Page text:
Growing and learning with toddlers
Grow; learn; play; help; water; home; shop; car; bus; learning; development; toddler; child; young; playgroup; group; playing;
Parents of young children want their children to get the best start they can in learning so they will do well at school and have successful lives. Often parents of very young children wonder what they can do to help their children get ready for their school time.
Learning does not just belong to school or formal lessons. Children learn very quickly in the earliest years and in many ways. They do not need to be "taught" to learn, (in fact too much "teaching" too early may put them off). They are learning from everything they do. However there are lots of things you can do to encourage and help your young learners.
This information may help parents and families by giving some ideas about things children enjoy, and by suggesting activities which you may enjoy sharing with your children. This is only a starting point. You know your child best, so use your own ideas about what your child can do and enjoys.
How children learn
Children are natural learners. They learn best when they are happy and when they have interesting things to do and safe places to do them.
The first and most important learning experiences happen in the family. Children learn from what they see, hear and do in the family and the wider community.
Parents and family members are in the best position to know what their children can do and what they enjoy. Children learn from:
- trying new things
- practising the skills they have learned.
Children do best where they feel loved and safe. Parents and families will be doing the best that they can for their children's learning by spending time with them and encouraging them to try new things.
Follow your children's lead when it comes to play. Do what interests them, when they are interested. Don't push them to do things when they don't want to. Play is most valuable to children when it is led by the child. If children are sick or tired or unhappy or not interested they may not be able to play and learn well.
While you are carrying out your everyday tasks at home let your children help you do things that they can manage and talk about what you are doing together. Don't expect young children to always want to do these things, there are many times when children enjoy making up their own games.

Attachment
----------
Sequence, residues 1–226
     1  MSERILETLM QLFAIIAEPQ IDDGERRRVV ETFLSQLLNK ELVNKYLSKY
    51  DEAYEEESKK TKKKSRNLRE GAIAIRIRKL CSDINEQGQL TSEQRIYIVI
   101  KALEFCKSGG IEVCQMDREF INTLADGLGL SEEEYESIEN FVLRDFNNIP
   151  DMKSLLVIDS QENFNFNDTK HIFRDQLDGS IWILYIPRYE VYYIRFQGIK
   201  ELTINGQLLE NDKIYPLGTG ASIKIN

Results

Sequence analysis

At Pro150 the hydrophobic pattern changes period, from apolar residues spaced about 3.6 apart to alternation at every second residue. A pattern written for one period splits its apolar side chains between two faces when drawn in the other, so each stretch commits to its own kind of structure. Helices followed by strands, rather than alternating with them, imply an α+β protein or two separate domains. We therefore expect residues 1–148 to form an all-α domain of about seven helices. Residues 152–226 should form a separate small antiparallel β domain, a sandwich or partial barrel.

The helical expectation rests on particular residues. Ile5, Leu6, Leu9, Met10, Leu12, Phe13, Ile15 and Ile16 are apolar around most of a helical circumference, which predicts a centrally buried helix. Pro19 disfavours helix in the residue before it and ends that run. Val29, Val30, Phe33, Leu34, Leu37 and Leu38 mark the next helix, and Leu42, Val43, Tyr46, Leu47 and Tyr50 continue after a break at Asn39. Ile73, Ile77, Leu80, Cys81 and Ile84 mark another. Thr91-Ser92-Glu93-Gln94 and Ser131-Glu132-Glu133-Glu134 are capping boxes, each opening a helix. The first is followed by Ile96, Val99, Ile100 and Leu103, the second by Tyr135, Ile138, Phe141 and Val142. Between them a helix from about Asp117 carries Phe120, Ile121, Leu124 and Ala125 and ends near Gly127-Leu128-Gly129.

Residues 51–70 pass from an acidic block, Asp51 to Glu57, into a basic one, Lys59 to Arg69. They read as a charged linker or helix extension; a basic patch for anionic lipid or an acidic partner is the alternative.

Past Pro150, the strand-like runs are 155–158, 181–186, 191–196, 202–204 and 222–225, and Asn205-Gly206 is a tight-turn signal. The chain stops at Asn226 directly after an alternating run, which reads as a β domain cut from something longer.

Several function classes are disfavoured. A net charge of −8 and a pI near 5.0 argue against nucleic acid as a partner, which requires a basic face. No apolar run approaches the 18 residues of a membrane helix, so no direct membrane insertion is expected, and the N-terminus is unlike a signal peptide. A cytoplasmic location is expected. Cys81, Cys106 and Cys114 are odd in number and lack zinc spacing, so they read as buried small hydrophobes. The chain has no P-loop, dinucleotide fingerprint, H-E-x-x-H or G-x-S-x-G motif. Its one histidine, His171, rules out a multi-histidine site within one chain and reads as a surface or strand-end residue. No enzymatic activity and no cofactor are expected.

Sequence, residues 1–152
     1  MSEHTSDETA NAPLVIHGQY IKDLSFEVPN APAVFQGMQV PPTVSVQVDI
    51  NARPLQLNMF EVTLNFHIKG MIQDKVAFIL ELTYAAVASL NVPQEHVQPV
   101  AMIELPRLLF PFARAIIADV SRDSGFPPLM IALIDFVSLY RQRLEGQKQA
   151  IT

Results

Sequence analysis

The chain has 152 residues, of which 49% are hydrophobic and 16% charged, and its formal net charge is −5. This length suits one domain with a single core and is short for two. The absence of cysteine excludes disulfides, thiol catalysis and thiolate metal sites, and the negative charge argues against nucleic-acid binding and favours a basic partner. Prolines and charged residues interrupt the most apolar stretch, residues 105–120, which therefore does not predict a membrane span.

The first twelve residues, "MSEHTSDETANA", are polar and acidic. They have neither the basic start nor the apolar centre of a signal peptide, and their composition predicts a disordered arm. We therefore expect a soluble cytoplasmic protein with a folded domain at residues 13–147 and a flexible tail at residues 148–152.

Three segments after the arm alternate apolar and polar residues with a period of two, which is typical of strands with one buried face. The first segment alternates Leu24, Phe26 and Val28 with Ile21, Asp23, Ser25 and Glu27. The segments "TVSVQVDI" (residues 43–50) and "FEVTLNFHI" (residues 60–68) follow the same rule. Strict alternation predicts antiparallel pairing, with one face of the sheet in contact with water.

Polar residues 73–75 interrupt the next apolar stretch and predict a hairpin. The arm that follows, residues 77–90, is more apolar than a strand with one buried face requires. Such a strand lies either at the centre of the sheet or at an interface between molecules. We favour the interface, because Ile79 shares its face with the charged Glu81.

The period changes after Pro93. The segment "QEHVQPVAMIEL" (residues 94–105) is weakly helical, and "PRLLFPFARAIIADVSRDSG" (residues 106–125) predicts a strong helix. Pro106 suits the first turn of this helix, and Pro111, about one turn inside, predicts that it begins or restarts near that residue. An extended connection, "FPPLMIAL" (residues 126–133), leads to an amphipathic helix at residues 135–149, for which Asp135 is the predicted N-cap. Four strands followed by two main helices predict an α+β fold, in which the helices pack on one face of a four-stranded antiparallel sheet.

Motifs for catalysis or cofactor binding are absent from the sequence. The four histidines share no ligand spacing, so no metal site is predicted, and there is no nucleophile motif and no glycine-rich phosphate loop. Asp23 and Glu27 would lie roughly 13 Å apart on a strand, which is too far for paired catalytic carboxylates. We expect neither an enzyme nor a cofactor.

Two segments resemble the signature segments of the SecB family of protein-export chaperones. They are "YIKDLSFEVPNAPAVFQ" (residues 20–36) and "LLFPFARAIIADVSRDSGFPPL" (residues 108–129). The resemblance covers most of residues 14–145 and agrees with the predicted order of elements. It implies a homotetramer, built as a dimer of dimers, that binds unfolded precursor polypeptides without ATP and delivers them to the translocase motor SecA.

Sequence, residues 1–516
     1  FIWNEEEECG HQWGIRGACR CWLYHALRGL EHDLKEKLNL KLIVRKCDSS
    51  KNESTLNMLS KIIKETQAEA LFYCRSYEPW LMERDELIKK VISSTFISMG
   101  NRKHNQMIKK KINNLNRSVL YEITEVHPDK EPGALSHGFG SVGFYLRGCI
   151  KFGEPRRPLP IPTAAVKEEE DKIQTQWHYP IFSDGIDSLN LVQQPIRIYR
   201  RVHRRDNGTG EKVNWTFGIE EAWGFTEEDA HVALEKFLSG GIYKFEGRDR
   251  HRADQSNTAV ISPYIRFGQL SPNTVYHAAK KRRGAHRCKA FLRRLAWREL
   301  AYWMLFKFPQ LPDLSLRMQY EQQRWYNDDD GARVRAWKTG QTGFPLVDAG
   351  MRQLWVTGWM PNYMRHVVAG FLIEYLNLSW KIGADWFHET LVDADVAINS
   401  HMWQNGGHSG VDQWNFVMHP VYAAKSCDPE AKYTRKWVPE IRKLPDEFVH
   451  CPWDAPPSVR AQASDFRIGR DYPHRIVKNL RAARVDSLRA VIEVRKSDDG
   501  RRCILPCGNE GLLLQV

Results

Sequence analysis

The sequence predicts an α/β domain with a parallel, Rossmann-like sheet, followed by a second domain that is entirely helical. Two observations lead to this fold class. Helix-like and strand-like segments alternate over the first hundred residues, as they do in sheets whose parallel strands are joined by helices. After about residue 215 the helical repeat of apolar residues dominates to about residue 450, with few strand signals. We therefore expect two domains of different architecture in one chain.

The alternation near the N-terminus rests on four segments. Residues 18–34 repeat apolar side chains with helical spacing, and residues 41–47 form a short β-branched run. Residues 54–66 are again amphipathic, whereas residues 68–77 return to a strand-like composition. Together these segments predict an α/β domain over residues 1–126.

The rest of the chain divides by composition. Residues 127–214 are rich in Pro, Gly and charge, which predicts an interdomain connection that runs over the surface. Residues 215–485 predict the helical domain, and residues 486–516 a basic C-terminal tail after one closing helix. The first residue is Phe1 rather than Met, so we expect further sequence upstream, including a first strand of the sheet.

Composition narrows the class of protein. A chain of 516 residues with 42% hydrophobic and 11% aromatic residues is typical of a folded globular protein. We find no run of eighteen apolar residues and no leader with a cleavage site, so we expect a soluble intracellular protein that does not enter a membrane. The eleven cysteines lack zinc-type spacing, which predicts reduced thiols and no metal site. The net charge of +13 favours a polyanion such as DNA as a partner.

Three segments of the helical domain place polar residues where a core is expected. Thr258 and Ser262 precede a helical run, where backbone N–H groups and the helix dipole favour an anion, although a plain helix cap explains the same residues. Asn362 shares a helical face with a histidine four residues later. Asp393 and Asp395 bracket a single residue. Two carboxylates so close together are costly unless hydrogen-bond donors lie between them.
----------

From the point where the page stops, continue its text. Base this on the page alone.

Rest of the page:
Toddlers learn by trying and doing.
Let your toddler:
- roll and knead bread or scone dough
- put toppings on pizzas
- help make cakes
- stir the mixture
- have another bowl and spoon and a small amount of the mixture to stir when you are making cakes. Your child may then like to taste the mixture from his own bowl. Children usually love cleaning out the bowl, which helps them learn that cooking is worthwhile.
Washing and Cleaning
- give you the pegs
- tell you which are their own clothes on the line
- use a cloth or feather duster to dust skirting boards
- hold the vacuum cleaner and vacuum a small area of carpet
- use a small broom to sweep floors
- carry rubbish bins out to the big bin.
- walk around the garden
- collect the letters from your letter box
- go for walks with you round the block, in a park, or on the beach - sing a song while you walk, ride or run along
- look at the cracks in the pavement
- look for different letterboxes, trees or houses, eg a house with a red roof
- play in a sand pit
- look at, touch and smell different plants
- collect leaves
- find stones and sort them into groups of big and small, rough and smooth, different colours
- kick a big ball with you
- find places to walk, run and slide
- roll down a hill. You can make a hill with large pillows covered with a blanket, or you may have a sloping area in the yard which is good for rolling or running down.